Master and I have agreed that we can play around with people (short of actual sexual intercourse) while we're apart, as long as we clear it with each other beforehand. Master mentioned one woman in particular - a former girlfriend of his - that he was considering playing with, and I told him that was fine. A day or two later, Master told me of a party he went to that this woman hosted, where he said he got a bit sloshed and ended up messing around with her. When I asked him for more details on the extent of his escapade, he reassured me, "Nothing you wouldn't approve of." I assumed (my first mistake) that he meant some fondling and making out. Okay, no problem.
Later that night, I learned that Master and the woman did significantly more than fondle and make out. They didn't break our rule of no sex, but they came closer than I realized I was comfortable with.
I'm sure that Master got exasperated with me during the ensuing long telephone conversation. Why was I upset now? I hadn't been upset before - what had changed? I'm not sure. A lot of it was good, old-fashioned jealousy: this woman was doing things with Master that I'd give my right hand to do right now (well, I hyperbolize, but you get the idea), and Master was having fun partying while I was stuck being bored and employed full-time. But then, I've dealt with enviousness stemming from not having fun while Master is before, over things as banal as him going to a movie while I'm stuck at work for the evening.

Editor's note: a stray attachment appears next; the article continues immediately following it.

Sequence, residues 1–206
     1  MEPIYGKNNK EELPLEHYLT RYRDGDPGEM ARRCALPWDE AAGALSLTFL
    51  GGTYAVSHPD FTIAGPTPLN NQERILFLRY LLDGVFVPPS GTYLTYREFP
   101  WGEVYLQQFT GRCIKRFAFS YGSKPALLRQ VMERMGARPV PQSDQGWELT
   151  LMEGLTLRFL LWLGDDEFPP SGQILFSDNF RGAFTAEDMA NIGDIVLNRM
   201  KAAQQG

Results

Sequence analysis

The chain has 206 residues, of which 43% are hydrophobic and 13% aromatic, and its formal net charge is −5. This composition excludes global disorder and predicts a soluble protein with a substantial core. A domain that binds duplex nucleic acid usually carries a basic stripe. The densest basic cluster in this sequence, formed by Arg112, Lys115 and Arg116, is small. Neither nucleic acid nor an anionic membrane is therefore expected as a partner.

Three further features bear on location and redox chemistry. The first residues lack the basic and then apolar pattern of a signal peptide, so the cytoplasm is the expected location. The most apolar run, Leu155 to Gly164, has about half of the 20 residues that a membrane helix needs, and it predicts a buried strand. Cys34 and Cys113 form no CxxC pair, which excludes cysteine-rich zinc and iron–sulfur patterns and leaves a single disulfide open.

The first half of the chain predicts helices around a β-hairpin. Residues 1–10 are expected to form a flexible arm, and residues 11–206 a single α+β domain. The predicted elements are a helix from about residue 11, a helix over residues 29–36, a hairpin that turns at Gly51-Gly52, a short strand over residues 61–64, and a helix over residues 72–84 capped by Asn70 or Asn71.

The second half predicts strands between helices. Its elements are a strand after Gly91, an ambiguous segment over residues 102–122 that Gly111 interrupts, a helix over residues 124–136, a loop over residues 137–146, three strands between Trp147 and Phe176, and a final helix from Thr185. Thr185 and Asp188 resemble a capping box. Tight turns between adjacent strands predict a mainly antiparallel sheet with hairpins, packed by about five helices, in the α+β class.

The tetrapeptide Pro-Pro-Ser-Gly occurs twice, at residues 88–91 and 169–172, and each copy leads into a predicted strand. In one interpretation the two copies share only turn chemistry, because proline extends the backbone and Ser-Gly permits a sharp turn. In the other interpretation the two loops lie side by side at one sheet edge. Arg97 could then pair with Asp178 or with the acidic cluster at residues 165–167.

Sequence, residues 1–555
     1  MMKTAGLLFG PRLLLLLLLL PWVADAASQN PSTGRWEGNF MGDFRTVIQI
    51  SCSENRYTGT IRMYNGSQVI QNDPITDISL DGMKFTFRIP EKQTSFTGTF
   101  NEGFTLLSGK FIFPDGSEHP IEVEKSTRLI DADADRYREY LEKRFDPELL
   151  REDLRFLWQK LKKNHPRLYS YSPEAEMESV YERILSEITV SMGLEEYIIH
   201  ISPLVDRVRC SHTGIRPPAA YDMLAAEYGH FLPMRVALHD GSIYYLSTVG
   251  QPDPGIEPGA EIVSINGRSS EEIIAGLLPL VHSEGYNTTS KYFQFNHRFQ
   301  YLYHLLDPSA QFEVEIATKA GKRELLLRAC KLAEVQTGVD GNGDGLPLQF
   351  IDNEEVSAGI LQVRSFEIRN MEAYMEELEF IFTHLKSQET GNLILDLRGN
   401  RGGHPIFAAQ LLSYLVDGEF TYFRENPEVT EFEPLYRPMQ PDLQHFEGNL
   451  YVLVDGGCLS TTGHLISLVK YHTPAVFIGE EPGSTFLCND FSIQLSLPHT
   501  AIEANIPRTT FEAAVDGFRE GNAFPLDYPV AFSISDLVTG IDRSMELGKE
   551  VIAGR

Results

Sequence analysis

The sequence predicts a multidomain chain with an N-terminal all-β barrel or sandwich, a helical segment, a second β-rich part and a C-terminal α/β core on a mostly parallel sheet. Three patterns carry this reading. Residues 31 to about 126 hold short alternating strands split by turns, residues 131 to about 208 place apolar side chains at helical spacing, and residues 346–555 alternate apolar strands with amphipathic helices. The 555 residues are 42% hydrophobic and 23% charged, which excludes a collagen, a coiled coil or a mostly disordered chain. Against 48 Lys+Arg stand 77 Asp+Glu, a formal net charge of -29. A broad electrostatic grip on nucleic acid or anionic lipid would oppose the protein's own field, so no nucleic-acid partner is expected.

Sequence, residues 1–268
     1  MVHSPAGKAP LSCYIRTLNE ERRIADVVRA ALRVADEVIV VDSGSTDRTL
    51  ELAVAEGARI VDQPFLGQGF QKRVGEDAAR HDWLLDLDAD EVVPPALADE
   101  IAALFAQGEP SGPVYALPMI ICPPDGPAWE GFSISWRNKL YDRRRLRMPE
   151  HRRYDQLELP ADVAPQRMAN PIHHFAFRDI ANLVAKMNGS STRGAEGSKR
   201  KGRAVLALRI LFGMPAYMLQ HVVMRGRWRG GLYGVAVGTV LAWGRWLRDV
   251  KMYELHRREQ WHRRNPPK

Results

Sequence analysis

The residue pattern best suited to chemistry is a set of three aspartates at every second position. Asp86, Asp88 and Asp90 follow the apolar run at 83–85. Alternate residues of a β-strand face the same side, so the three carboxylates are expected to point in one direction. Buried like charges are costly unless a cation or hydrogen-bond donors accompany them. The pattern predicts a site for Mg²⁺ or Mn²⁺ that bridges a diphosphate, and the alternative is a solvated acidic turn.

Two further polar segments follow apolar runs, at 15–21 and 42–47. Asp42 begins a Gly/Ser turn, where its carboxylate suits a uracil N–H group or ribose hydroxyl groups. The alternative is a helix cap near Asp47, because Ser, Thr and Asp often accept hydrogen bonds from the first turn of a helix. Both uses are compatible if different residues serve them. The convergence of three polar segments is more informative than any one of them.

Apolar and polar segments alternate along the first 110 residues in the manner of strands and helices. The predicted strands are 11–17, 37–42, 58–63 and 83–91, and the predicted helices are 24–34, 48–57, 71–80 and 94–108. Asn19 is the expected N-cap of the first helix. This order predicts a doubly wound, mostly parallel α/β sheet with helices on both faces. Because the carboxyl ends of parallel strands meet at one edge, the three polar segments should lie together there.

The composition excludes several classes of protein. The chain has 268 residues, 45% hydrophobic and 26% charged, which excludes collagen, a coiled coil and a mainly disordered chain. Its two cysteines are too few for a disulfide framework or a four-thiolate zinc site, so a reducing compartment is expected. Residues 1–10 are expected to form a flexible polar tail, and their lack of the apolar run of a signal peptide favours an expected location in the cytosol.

Another reason, I think, that I was having problems was because I've never met this woman at all, and Master has only mentioned her once or twice in passing. When Master does things with M, I don't have as much jealousy because I've been around the two of them and I can see, quite plainly, how much Master cares about her. I care about her, too. Though Master tells me that the other woman was important to him, on the other hand, it's hard for me to conceptualize when I've been given very little indication of it. So when Master engages in activities with her that I view as very special and indicative of our closeness, and I can't see that he is also close to her, it feels to me like he's cheapening what we have.
I know, I know - it's all very convoluted and not very rational. Unfortunately, that knowledge didn't make it any easier to shake the profound feeling of uneasiness that I had.
Well, Master and I talked. And talked and talked. We went in a lot of circles; I seemed to be stuck in a rut of moroseness. Despite all my openness and willingness over polyamoury, I couldn't seem to get over this one little thing. Finally, I said, "I guess I still have a long way to go, huh?"
"You have come a long way. Remember last year? You spent the night crying because I danced with C instead of you, and you and I weren't even together yet!"